ASUS STRIX RTX 2080 Ti White Edition
The packaging is what we have come to expect from ASUS/ROG. One thing to note is that while the styling carries over, the standard black and red theme is absent as this is a white edition model, which of course, gets white packaging. The outer box sleeve front carries the pertinent details and artwork we have come to expect. The rear has six feature callouts along with an I/O diagram, and even bullet pointed Nvidia features.
Pulling the sleeve and we see that ASUS invested in the full white packaging as the inner carton is also white with a metallic sheen STRIX logo.
Opening the carton, and instead of a GPU, the first thing we see is the included PCB ruler. These are quite cool as they work as a ruler while also have the solder pad layouts for several SMD components. On the reverse side of the ruler, we even have GPU solder ball arrangements. I know some may question this inclusion, but this is one of those ultimate nerd treasures that many people will appreciate. If you don’t and you are an avid PC gamer, I can almost guarantee you know someone who would enjoy it.
Pulling the foam form the ruler, and we now get a look at the GPU, which is in a static bag. Included as accessories are the two paperwork booklets for setup and instructions for driver downloads. Also included are two white-colored ROG branded velcro cable tie straps.
Now we get t0 the meat of things with the GPU itself. The STRIX is a triple axial fan design set atop a thick fin stack. The thin front slits are where the ARGB lighting will shine through when the card is running, and lighting is enabled. The backplate is metal and painted white. The backplate has ROG graphics in place along with the RGB lit reflective ROG Eye logo, which is cut through the metal of the backplate. There are several cutouts on the backplate, which allow access to removal of the colored along with clearance for some critical components. You will notice that ASUS went all out on the white theme as the PCIe slot connector fingers are covered with a white cover, same with the NVLink bridge connector.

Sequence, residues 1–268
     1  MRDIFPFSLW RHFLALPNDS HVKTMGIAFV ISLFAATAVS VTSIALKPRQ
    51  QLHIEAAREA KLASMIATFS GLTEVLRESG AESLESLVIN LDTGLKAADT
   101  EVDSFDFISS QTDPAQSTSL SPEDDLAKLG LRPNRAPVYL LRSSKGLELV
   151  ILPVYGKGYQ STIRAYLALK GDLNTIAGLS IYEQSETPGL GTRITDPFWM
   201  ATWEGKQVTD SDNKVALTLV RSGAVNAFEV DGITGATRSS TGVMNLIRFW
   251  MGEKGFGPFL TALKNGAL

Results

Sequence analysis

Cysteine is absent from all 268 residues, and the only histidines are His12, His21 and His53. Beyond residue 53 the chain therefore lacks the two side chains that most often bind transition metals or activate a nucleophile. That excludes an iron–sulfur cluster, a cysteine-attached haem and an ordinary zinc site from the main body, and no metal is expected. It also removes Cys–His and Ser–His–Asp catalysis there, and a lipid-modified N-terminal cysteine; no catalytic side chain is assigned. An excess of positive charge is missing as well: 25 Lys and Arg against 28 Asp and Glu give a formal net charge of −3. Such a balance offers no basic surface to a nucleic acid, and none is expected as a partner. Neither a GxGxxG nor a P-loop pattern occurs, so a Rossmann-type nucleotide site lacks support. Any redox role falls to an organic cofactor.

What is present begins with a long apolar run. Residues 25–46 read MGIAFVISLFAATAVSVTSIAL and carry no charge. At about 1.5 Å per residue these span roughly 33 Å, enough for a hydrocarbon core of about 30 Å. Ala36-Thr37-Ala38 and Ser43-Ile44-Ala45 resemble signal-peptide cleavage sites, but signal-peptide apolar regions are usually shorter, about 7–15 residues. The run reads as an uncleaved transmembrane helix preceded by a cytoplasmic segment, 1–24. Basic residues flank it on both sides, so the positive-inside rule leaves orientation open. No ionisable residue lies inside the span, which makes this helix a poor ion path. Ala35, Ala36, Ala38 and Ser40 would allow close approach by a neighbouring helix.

Here you can see the rear I/O of the card and its bevy of connectors.
- 2x Displayport
- 2x HDMI 2.0b
- 1x VirtualLink (USB Type C)
ASUS opted to reduce the normal RTX DisplayPort count by evening it out to dual HDMI and dual DisplayPort. There is also the VirtualLink, which is the Type-C interface slated for future single cable VR solutions.
The power for the STRIX RTX 2080 Ti is dual 8-pin, just like we have from the FE model. This is a bit of a surprise as with the build of this GPU, I think that a third 8-pin would be an excellent addition for those looking to push the card to its limits. Next to the 8-pin connectors, we have the ASUS GPU Hotwire connectors, which allow direct GPU voltage modifications at a hardware level. I am a bit surprised that ASUS got this past Nvidia as recently Nvidia seems to have tightened up the extreme OC modifications available on retail cards. I am happy to see that while they are no longer clearly labeled, they are still present.
The connectors at the board’s edge are two fan ports for the FanConnect II along with an RGB header to allow you to sync RGB strips from the internal header via the ASUS Aura software. There are also two white plugs going here which control both RGB and the triple fan array.
Here you can see with the NVLink connector, the ability for multi GPU, whether it be SLI or NVLink, has shrunk to higher end cards since Pascal and has continued to shrink. The 2080 Ti is the flagship GPU emp[lots the connector with full enablement for full bidirectional bandwidth for workloads that can span a dual GPU configuration. I never thought we needed a white NVLink bridge until now, though.